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Re: Nocturnal crocs?
On Sat, 25 Aug 2001, David Marjanovic wrote:
> > Dinosaur diversity was probably not affected much at the K/T
> > (inasmuch as bird diversity making it through may well have
> > been greater than non-avian esxtinction).
> Dinosaur diversity was reduced to a few species of Neornithes... I don't
> understand something here.
We have no idea how many species of birds were alive at the time. We
have no evidence to suggest _any_ became extinct. I suggest the burden of
proof rests with those who would claim that what you say is true--I mean,
there is no evidence (other than negative, and birds are famously
underrepresented in the fossil record) of bird extinctions.
> > Instead, the K/T represents the
> > death of a niche--that filled by large oviparous species in terrestrial
> > locations. This niche has been practically empty ever since!
> Why should there be extra niches for _oviparous_ animals? How does this
> affect their ecology?
Let me count the ways. Just one example. A nesting dino must stay in one
place for 3 months and live off local resources.
> > Today,
> > mammals and birds (and, to a lesser extent, reps) appear to be the agents
> > keeping that niche empty. The question then becomes: at what time did
> > this first start being the case?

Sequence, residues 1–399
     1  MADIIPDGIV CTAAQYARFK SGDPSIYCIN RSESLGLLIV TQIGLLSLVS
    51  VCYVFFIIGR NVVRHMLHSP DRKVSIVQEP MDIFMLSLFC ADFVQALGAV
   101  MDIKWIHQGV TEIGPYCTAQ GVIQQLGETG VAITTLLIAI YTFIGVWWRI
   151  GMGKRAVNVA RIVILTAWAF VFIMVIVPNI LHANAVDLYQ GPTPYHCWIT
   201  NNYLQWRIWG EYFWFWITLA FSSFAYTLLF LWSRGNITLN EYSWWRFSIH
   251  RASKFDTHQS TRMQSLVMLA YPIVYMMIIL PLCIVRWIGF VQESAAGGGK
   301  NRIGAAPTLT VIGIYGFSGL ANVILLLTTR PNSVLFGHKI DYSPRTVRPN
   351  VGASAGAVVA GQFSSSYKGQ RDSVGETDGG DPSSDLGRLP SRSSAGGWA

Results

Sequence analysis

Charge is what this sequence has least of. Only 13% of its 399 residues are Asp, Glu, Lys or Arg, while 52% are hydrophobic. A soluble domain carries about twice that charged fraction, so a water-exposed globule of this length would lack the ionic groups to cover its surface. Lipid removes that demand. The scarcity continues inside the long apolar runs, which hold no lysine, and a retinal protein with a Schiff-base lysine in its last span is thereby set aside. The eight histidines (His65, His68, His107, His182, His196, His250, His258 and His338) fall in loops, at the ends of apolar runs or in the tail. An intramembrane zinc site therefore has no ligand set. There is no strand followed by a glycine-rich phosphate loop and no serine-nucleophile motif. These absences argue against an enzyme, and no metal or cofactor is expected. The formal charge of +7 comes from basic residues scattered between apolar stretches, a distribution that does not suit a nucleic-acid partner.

> IMHO modern mammals occupy quite closely the same niches as dinosaurs
> earlier (some niches for large animals being empty since we emptied them in
> the Pleistocene).
Then why no competition?
> Well, *Gobiconodon* also had such a size, and *Repenomamus* (*-nus*?) was
> even larger.
> Such animals (along with LK varanoids) would have produced a selection
> pressure for better nest defense/concealment, and obviously dinosaurs
> survived this.
I'm trying to build a case for increasing pressure, summation, etc. Yes,
there were likely always predators, just as there are for today's
oviparous survivors. This doesn't mean that pressure cannot become too
strong for a specific reproductive strategy to withstand.
> > Whichever sex it is, it is driven off the nest by jackals taking advantage
> > of their superior night vision.
> Jackals have better night vision than ostriches? How come?